JM: It was a tough one. I was settled in Liverpool and all my family and mates were there. But after Lock Stock and Two Smoking Barrels I started getting offers from the US and there really weren't that many films happening in England at the time. I loved doing films and wanted to carry on so I went where the work was. 

RS:  It’s not a secret that there has always been a music competition between Liverpool and Manchester. How do you feel – does it still exist? How is it possible to explain this phenomenon?

JM: The rivalry will always be there. It’s been there for hundreds of years. It’s not just music, it’s everything. Industry, football, fashion, music. Even though we’re so close geographically we’re two very different cultures. The fact that both cities have had so much success at alternating times is what gives the rivalry it’s edge.  It’s a tribal thing. 

RS:  Let’s keep on talking a bit about North West English music. Isn’t it strange that so many bands from Manchester got some commercial success while Liverpudlian musicians have been usually seen as more underground?

JM: The tide comes in and the tide goes out. Liverpool dominated music in the 60’s. Manchester dominated in the late 80’s early 90’s. It’s just a cycle. Liverpool will have it’s day again and Manchester will have it’s day again. 

RS:  And about yourself – what was the defining moment of your music career when you woke up once and understood that you were famous? Was it after working with Guy Ritchie? What life would you have had without this collaboration?

JM: Well for one, I’ve never thought of myself as famous! Lock Stock and Two Smoking Barrels was definitely a turning point in that it raised my profile within the industry. And it helped that the score was considered a bit edgy and left field at the time. But I’d actually already scored my first Hollywood studio film ‘The Bachelor’, a few months before I did ‘Lock Stock’. But The Bachelor came out just after Lock Stock and went to #2 at the US Box Office. So it’s hard to say if it all hinged on ‘Lock Stock’. Both films were successful within a few months of each other so I think it was more of a double whammy. Just good timing really.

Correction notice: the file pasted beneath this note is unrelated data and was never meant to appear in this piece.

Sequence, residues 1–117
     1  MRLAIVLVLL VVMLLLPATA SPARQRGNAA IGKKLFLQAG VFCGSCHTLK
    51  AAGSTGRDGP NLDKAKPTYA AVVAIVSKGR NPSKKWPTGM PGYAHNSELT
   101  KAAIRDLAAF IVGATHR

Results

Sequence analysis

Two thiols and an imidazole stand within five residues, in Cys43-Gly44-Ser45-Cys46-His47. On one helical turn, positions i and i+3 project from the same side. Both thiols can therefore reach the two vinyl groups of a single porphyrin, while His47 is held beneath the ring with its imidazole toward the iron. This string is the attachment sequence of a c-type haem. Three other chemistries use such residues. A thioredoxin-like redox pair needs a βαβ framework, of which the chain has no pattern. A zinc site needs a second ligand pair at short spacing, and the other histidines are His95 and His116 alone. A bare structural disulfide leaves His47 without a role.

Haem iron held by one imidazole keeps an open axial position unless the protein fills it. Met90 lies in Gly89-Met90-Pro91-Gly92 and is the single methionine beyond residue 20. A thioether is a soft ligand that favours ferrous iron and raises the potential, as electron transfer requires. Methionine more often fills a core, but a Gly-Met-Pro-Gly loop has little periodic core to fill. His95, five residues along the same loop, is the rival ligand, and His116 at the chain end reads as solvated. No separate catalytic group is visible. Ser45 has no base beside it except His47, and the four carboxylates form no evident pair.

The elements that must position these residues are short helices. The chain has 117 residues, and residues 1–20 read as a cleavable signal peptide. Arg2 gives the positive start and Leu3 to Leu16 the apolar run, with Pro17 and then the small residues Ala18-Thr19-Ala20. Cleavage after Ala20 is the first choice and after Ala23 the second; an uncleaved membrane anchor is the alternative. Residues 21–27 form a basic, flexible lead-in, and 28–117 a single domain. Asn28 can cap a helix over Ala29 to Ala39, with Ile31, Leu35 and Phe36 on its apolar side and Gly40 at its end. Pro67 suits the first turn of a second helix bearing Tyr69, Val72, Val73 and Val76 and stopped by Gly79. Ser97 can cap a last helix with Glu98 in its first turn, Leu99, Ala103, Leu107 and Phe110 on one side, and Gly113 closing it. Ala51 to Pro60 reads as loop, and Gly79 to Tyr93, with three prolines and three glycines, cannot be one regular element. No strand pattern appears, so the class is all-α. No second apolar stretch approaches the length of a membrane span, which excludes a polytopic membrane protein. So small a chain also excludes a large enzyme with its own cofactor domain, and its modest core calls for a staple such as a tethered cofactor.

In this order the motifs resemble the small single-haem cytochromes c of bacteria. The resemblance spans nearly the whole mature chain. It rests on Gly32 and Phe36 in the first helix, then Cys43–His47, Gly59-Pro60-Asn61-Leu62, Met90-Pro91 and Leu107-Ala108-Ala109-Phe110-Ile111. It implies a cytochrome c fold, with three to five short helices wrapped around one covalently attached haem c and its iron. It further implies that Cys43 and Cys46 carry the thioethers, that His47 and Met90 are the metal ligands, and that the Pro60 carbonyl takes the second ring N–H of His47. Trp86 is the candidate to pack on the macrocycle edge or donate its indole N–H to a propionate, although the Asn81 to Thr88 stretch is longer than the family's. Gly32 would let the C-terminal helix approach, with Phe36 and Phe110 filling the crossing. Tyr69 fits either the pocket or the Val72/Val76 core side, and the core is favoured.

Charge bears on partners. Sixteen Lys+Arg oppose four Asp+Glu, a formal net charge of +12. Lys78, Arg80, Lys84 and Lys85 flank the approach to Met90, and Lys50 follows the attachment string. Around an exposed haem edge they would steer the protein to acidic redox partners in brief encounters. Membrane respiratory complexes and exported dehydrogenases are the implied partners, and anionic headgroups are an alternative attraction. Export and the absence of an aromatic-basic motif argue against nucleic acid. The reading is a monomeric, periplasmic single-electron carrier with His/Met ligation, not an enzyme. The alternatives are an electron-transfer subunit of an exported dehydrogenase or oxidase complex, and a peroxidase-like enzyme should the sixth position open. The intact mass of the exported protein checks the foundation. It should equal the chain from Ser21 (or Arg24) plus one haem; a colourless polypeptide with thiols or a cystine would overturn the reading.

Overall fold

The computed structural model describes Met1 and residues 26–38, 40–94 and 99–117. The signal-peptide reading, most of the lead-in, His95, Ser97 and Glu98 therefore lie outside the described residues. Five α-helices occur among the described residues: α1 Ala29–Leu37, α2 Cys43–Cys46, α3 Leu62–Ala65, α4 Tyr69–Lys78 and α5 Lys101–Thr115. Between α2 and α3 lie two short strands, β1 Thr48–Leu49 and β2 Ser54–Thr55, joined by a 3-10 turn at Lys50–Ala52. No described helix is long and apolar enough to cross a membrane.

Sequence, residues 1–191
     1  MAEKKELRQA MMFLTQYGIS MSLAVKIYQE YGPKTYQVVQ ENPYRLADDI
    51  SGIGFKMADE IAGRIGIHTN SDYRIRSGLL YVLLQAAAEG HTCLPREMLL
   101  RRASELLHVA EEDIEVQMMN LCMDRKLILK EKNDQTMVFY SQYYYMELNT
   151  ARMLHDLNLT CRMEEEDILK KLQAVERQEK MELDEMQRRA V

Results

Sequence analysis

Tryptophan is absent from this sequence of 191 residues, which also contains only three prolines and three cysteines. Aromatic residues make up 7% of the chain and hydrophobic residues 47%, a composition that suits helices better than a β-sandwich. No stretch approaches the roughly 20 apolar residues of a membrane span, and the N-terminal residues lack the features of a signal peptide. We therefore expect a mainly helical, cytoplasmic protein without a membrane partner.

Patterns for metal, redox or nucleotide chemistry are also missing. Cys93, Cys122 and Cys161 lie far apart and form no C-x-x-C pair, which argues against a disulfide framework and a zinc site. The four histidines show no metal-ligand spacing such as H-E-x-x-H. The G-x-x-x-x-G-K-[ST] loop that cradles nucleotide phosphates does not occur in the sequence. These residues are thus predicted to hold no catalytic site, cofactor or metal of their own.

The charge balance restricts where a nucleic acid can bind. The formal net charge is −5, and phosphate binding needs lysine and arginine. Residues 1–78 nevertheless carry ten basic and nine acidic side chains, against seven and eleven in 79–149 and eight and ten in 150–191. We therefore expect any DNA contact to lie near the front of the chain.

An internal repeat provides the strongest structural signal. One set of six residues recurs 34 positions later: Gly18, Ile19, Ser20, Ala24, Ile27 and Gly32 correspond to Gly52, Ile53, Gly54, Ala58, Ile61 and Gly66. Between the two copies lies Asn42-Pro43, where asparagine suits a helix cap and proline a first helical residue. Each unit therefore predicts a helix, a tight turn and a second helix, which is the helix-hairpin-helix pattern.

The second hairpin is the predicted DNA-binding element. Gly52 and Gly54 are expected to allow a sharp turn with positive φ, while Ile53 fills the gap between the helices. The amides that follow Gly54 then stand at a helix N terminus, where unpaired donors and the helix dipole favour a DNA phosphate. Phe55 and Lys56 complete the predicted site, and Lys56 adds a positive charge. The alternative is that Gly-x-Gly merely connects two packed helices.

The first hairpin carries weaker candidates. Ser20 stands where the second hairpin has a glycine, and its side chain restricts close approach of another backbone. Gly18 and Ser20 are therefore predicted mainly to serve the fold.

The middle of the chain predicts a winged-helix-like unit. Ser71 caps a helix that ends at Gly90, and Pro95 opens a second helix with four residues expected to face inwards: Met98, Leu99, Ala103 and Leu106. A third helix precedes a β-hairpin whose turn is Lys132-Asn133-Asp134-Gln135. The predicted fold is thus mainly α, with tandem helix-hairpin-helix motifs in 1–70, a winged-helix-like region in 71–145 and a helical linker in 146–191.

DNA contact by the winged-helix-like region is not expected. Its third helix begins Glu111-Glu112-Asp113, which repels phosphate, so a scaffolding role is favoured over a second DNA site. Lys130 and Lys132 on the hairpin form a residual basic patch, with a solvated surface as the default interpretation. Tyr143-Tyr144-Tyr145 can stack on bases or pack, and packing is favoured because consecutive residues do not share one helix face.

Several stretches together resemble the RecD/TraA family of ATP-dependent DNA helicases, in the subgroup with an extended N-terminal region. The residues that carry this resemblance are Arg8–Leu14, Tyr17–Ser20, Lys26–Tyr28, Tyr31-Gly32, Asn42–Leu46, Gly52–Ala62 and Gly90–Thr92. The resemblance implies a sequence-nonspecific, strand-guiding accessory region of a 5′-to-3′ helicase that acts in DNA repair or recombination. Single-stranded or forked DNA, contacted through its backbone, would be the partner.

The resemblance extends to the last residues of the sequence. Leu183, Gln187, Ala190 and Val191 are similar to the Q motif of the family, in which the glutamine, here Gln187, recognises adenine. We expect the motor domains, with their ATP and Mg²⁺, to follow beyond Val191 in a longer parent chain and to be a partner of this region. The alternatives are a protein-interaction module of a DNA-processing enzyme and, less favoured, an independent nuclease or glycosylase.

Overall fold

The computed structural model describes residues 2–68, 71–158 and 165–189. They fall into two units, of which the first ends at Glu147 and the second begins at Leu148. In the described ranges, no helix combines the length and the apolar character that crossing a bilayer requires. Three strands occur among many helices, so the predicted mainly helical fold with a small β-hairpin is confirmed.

RS:  What is the most difficult in working with world-famous directors? Have they ever tried to control you?

JM: All directors try to control you! Even if they’re giving you a lot of license to be creative, like say Danny Boyle or Guy, or Stephen Frears, they know that in terms of filmmaking  music is one of their most powerful weapons. And being the ‘director’ they ultimately have to have control of that as part of their process. The trick is to learn how to take control back without them noticing. And to answer the first question, the bigger directors are actually easier. And more respectful strangely enough.

RS:  I read that you’ve criticized your, so called, colleagues, blaming them for the lack of passion and real feelings. What is your source of inspiration and real feelings then? What is your professional secret?

JM: I don’t remember ever criticizing any one specifically. But I have said that I feel like too many composers in Hollywood are playing it safe right now and drawing from the same wells, you know? And with studio pictures especially, the more formulaic the movies get, inevitably, the more predictable the scores become. There are still some original scores coming out, and there always will be, but they’re becoming few and far between.
So I don’t think the blame lies completely with the composers. I’ve been there and I know what it’s like to sign onto a film after a great ‘creative’ meeting only to have the music exec present you with a temp score and say “This temp score has tested great… can you do your own version of it?” And they’re not asking you, they’re telling you. And then it’s a battle from beginning to end to get anything original or meaningful onto it. No film composer wants to play safe. It’s just where Hollywood is at right now. 

In terms of my own source of inspiration, apart from the guys I love like Ennio Morricone, John Barry and Bernard Herrmann, it’s the film itself. A good film should contain everything you need to compose a good score. If it doesn’t then you dig into your own wells and your own experiences. And I don’t have any professional secret. I wish I did. I just work from instinct until it feels right.